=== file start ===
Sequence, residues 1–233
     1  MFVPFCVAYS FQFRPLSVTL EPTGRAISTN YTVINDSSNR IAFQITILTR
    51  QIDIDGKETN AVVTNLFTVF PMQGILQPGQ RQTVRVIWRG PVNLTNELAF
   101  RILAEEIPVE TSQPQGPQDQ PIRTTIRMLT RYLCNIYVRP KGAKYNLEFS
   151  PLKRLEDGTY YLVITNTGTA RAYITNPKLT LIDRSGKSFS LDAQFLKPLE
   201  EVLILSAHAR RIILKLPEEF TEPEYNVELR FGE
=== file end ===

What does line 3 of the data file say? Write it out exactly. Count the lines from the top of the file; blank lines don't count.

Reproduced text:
    51  QIDIDGKETN AVVTNLFTVF PMQGILQPGQ RQTVRVIWRG PVNLTNELAF